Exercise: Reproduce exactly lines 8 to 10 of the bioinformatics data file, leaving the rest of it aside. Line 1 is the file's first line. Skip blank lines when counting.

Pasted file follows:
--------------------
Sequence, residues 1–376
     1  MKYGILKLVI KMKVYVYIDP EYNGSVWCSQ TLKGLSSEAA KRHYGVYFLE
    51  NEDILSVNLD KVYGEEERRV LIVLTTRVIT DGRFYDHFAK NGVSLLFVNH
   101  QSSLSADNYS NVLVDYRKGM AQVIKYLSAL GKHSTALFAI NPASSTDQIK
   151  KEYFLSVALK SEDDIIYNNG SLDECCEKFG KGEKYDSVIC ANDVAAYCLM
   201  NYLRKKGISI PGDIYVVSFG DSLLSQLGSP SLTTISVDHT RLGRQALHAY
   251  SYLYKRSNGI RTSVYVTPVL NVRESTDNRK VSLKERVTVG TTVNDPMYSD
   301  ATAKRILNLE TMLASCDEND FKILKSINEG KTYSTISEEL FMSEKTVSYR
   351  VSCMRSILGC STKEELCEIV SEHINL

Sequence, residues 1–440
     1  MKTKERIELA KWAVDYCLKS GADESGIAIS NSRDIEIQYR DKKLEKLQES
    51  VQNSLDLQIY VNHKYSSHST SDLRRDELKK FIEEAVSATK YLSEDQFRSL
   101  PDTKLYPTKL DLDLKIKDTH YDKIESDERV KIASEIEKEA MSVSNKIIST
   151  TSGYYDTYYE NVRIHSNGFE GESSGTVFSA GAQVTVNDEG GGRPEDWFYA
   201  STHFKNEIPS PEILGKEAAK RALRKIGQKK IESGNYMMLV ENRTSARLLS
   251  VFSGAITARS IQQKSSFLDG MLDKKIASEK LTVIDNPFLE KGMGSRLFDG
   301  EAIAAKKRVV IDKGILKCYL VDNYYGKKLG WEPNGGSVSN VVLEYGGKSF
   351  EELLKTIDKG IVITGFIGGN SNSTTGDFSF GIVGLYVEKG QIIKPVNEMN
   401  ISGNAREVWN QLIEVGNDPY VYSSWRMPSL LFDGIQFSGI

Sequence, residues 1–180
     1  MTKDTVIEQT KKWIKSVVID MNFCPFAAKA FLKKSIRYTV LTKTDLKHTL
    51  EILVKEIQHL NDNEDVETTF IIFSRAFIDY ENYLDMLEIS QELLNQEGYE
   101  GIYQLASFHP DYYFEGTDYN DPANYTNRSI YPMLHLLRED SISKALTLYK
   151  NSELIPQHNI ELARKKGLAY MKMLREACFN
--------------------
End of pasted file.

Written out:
   301  ATAKRILNLE TMLASCDEND FKILKSINEG KTYSTISEEL FMSEKTVSYR
   351  VSCMRSILGC STKEELCEIV SEHINL

Sequence, residues 1–440